Thinking outside the box
“We approach the farmers by telling them, yes you can do it if you put your minds to it, if you put your hearts to it, if you sit down as a group and think, you will do it,” says Karamagi.
For example, Edna talked about one woman who had come to a workshop and who was given a small amount of money for transport back to her village so that she wasn’t travelling back in the dark and missing out on the necessary evening activities of her household.
This woman persuaded a neighbour to give her a lift, and so saved the money, and spent it instead on a tablespoon of tomato seeds. A year later, she had five acres of tomatoes to sell.
Karamagi says, “we tell them – plant a mango tree. Plant a jack fruit tree. Plant a paw paw tree. In other words, plant trees which we shall benefit from not only the shade, but financially, that’s money. If you tell me, I have nowhere to plant trees, plant them at the edges of your farm.
Disseminating the information
“We used to use the national radio; we’ve stopped. Because we realised we are not achieving what we wanted.
“We sent an SMS to our farmer’s databases. [It turns out] over 90% were not listening to the radio programme.”
BROSDI says the farmers preferred the national FM stations because they are localized.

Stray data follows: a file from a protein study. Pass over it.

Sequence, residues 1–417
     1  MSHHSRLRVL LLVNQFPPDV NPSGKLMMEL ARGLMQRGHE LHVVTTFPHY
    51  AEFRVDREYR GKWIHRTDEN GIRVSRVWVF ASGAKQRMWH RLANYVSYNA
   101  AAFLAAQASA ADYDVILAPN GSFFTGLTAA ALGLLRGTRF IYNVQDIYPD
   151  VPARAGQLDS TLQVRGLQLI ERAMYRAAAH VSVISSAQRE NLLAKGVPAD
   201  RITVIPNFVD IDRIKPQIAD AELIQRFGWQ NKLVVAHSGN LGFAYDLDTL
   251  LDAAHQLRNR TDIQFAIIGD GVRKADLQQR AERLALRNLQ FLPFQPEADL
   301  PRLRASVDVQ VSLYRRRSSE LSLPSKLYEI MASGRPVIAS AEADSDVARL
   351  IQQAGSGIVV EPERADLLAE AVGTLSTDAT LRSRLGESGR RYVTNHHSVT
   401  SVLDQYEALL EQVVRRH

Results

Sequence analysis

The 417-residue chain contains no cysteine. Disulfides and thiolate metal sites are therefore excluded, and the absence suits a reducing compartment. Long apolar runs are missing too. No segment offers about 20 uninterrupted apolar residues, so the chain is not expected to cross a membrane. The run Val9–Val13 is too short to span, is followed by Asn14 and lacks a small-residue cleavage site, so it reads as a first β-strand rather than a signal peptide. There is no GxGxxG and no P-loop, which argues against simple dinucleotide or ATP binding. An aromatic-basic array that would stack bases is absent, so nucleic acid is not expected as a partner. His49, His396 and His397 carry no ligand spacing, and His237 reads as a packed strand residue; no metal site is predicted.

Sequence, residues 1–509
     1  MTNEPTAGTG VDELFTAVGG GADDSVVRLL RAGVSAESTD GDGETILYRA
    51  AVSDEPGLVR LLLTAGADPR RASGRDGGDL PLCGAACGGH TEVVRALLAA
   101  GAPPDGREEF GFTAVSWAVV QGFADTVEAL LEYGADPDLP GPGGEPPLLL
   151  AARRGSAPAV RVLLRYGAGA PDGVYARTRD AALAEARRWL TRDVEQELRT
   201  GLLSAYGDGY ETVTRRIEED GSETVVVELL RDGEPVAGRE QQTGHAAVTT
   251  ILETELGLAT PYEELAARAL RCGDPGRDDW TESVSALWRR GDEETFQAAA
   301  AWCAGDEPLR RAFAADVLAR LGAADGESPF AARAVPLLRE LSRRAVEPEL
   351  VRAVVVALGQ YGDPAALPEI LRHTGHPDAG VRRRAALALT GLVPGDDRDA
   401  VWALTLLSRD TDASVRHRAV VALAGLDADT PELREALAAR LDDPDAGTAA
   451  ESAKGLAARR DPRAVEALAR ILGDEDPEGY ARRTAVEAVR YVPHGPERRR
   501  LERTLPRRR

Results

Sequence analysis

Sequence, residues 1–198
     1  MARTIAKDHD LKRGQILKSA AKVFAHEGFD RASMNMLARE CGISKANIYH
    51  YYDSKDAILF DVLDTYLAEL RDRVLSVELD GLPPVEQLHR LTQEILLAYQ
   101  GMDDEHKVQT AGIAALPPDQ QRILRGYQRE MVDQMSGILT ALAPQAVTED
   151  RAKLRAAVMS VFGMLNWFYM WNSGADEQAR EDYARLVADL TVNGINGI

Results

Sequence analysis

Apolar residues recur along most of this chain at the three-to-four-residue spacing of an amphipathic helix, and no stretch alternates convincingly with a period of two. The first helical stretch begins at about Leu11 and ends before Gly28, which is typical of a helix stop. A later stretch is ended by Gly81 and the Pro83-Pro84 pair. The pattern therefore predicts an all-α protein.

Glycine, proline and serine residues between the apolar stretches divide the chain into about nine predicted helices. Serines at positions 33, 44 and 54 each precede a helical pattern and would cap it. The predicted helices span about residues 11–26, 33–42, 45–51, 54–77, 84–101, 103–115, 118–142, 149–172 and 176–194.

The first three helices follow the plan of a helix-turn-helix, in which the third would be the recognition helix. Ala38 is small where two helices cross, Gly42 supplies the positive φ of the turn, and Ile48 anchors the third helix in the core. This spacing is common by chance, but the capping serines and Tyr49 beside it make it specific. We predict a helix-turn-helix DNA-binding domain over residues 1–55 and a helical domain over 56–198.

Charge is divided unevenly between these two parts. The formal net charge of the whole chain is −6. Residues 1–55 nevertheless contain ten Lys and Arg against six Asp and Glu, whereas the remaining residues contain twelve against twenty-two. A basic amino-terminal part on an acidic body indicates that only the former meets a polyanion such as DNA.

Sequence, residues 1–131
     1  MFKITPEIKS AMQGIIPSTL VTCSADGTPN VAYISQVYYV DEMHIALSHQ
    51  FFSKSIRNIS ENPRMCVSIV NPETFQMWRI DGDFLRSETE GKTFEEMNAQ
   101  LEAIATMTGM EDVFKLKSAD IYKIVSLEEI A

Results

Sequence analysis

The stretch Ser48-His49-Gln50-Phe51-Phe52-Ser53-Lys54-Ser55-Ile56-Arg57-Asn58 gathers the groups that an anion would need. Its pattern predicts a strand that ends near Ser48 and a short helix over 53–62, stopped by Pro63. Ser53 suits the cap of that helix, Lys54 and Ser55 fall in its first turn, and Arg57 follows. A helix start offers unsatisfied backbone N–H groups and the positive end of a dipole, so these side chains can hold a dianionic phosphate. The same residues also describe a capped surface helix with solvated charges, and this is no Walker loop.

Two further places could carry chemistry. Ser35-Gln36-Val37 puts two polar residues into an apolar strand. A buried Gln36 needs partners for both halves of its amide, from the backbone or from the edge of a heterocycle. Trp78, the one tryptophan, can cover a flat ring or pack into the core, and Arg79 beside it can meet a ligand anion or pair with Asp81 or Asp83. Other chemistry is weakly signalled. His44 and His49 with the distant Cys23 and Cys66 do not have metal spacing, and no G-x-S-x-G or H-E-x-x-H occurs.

“The information is disseminated in the local language. And they know the presenters. They relate to the presenters every day, every moment, every time. So they preferred to deal with that.”
BROSDI has also tried to disseminate information through knowledge fairs, brochures and blogs to varying states of success.
BROSDI’s projects worked with the poorest of the poor – people who are only able to afford one basic meal a day.
Twelve years on, these farmers are no longer poor, they have money, they are eating three meals a day, they are helping others in their community – always looking for win-win scenarios that are sustainable, rather than relying on handouts or kindness.
They are using technology for the things they need – email, marketing, finding information via the internet, SMS to disseminate information.
Following an evaluation of Brodsi’s work it became apparent that their successful focus on basic food security had neglected the nutritional aspects of agriculture, and that their communities were suffering from malnutrition-related diseases.
Brosdi came to GODAN’s workshop “Creating Impact with Open Data in Agriculture and Nutrition” in The Hague in November 2015, having found their way to GODAN by Googling for information on nutrition.
They have been able to discuss the nutritional goals for their projects at GODAN meetings, and have found meetings useful for networking with other GODAN partners and for looking for funding to take them to the next level.
This has allowed them to expand their the data they distribute within their communities so that it covers not just soil preparation, planting, pest and disease control, but also adds in the important details of post-harvest handling and the best ways to improve the nutritional benefits of the crops that are being grown.